I was very envious of all my cousins, who went through universities, and I used to have a great inferiority complex. But I soon learned they couldn't hold their own on many subjects that I knew about. I had been educated in films and in theater, on the spot, and my knowledge was quite different from theirs. I didn't know arithmetic and geometry, but I knew lots of other things they didn't know.

    Think of the education of Intolerance. That was the greatest film ever made. All the different centuries of struggle. Mr. Griffith was sympathetic to the sufferings of the poor and all the injustices throughout history. So we had to know all about Babylon and all about the Crucifixion. When I visited the Holy Land, I thought, "Griffith built this." Everything about it was so familiar that I expected him to call "camera!" any minute.

    When we came up to the French period, the Eve of St. Bartholomew, we had to know that. And then the modern period, the battle between capital and labor. So each film was an education. When we did the fifteenth-century Florentine time, we had to know not only the history of Florence and Italy, but the word around it. So this used to be a great education.

    We were immersed in all those periods. You went around with those little books and if you had a minute, you were reading. You worked seven days a week. You never stayed at home because after all, it wasn't as interesting. There was no social life whatsoever.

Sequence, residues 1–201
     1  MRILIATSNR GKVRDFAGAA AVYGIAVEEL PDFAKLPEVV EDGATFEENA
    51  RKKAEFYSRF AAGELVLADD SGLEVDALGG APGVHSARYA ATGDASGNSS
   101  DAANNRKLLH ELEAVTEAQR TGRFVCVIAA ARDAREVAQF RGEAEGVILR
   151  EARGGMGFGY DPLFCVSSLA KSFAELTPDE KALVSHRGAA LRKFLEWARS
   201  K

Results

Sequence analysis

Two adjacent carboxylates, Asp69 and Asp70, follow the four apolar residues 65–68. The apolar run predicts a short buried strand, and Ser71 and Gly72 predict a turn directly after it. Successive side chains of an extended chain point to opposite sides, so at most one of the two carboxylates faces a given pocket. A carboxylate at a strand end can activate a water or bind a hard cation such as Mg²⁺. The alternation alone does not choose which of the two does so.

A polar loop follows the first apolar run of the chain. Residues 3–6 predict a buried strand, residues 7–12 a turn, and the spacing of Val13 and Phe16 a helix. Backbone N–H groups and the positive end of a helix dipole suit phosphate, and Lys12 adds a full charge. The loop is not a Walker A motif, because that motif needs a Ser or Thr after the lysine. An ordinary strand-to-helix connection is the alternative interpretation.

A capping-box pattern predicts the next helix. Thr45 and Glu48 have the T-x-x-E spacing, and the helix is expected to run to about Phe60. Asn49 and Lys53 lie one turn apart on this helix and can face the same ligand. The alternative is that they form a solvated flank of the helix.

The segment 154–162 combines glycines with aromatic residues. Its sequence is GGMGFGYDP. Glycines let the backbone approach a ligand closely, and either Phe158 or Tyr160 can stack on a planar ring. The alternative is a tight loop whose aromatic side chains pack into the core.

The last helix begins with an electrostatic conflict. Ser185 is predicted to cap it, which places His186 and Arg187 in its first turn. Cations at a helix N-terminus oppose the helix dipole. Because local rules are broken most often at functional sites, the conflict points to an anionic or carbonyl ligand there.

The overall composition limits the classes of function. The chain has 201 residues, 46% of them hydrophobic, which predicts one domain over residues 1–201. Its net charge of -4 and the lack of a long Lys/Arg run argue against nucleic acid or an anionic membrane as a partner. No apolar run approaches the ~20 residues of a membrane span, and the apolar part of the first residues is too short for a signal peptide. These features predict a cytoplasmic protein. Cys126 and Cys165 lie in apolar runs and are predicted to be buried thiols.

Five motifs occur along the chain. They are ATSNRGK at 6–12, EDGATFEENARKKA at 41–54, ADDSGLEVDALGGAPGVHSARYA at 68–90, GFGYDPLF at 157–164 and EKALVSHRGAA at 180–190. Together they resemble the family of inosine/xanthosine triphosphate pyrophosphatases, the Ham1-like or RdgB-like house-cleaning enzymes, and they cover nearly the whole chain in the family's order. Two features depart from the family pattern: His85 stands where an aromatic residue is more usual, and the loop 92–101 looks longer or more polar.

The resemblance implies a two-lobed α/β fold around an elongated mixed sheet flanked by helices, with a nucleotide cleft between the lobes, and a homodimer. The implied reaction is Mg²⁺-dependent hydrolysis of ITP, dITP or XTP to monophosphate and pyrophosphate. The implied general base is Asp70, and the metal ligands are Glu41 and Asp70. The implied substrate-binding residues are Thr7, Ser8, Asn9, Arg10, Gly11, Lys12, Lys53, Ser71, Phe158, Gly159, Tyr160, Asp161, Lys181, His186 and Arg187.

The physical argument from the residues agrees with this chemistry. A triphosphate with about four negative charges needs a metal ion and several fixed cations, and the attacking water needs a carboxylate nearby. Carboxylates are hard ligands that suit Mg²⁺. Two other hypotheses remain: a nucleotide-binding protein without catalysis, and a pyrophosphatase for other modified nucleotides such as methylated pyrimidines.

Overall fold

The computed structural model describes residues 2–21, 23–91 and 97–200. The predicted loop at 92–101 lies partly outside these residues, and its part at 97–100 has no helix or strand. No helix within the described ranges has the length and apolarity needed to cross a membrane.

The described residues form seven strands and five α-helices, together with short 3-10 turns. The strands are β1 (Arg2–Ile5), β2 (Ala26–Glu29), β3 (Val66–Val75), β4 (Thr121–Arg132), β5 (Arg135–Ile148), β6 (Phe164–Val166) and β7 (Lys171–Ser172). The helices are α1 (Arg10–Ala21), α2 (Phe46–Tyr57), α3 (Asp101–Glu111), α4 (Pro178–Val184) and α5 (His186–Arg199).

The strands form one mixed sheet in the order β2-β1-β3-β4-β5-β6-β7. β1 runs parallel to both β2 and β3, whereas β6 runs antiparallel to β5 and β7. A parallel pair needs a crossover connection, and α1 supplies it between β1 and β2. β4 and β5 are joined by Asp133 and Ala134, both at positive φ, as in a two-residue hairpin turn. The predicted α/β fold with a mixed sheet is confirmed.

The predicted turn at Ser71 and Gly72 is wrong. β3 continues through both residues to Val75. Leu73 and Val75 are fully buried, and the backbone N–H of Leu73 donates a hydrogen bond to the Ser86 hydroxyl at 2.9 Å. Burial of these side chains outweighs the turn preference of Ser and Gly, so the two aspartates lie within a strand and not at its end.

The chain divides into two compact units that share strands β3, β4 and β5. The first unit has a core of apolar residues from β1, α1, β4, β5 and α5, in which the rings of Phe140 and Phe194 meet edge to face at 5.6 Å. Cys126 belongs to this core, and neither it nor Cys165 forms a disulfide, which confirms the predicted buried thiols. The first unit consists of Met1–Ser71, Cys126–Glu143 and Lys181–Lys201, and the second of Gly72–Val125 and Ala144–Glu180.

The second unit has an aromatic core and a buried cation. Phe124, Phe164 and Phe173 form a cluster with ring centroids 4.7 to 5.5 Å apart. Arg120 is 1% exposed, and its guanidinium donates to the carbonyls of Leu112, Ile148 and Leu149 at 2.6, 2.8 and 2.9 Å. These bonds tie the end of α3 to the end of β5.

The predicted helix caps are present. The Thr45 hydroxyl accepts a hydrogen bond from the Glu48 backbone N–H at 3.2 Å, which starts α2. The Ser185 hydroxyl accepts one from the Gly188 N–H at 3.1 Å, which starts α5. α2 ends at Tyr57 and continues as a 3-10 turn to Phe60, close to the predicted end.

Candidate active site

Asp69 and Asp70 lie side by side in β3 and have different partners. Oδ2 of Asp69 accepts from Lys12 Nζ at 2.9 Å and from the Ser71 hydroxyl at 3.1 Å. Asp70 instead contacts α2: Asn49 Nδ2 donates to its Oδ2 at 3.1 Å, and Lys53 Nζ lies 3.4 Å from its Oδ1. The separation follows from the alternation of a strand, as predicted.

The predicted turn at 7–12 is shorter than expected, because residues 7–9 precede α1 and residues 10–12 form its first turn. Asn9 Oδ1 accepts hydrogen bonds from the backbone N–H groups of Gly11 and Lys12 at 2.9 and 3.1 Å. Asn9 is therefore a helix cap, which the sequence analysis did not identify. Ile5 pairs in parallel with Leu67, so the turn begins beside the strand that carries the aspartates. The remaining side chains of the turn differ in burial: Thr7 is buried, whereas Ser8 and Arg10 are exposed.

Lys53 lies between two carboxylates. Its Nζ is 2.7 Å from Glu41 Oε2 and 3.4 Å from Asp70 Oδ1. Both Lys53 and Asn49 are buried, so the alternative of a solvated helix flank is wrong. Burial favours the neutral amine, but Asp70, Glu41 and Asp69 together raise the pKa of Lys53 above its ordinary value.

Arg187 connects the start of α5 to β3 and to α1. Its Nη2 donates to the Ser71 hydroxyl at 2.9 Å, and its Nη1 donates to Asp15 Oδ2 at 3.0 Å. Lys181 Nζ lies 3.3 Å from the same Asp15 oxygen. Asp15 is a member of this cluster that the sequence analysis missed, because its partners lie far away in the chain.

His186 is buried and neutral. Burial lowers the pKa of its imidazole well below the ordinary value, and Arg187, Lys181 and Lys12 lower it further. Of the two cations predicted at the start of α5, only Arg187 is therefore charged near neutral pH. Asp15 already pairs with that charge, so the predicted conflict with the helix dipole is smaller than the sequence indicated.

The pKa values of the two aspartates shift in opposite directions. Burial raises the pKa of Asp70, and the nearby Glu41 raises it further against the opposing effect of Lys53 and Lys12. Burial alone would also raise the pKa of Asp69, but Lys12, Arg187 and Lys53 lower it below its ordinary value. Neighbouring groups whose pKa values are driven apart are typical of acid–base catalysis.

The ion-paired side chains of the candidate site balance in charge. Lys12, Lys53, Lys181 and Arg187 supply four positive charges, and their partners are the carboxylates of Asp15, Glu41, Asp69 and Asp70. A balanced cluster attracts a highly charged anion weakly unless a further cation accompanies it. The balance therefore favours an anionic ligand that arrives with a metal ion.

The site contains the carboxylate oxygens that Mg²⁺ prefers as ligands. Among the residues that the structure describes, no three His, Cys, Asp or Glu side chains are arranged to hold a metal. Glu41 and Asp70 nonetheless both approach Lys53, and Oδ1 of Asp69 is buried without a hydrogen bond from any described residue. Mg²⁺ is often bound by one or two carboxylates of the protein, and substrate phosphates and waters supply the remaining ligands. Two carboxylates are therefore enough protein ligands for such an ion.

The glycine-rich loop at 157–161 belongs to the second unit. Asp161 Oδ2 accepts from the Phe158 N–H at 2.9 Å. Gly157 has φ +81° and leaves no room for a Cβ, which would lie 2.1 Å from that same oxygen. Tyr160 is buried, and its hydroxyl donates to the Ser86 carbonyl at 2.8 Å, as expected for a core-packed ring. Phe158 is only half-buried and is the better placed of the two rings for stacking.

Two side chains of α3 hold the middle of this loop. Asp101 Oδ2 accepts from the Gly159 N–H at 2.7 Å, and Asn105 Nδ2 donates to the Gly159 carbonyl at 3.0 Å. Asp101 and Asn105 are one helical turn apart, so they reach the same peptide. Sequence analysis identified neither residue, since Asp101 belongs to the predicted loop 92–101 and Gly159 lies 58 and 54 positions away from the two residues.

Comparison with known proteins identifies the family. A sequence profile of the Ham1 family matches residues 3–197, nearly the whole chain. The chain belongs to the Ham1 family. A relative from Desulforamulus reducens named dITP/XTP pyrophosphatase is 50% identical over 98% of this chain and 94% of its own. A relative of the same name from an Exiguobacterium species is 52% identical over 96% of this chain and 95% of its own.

There were no scriptwriters. Griffith did everything. Very often he changed his name. He would use a nom de plume because, he said, people wouldn't like it if they thought you did everything. He had the courage of his ideas and was very strong on the side of the working man against the boss.

    We worked for a medium we believed in. A lot of us took personal responsibility for what we said in the films. We were told we were much more influential than the press, the printed word. It weighed heavily on our conscience.

    What Griffith had was the way of telling a story. He invented the form. He knew it had to be different from the stage. On the stage, we see people walk on stage and off. Everything was literal. He saw that the film can move as your mind moves. The camera has no proscenium arch. The sun, the moon, and the stars are the proscenium arch. There is no limit to the camera. So we had to learn a new form of acting.

    When Charles Laughton took on the job of directing The Night of the Hunter—James Agee was doing the screenplay from Davis Grubb's novel—he spent a great deal of his time at the Museum of Modern Art in New York. Do you know why? He was running all the old Griffith films.

    He called me one day and asked me over for tea. He said pictures today have lost the excitement they used to have. A certain spirit. That's why he was studying these old Griffith films. He had them sent to the coast so he could study them again, while making his movie.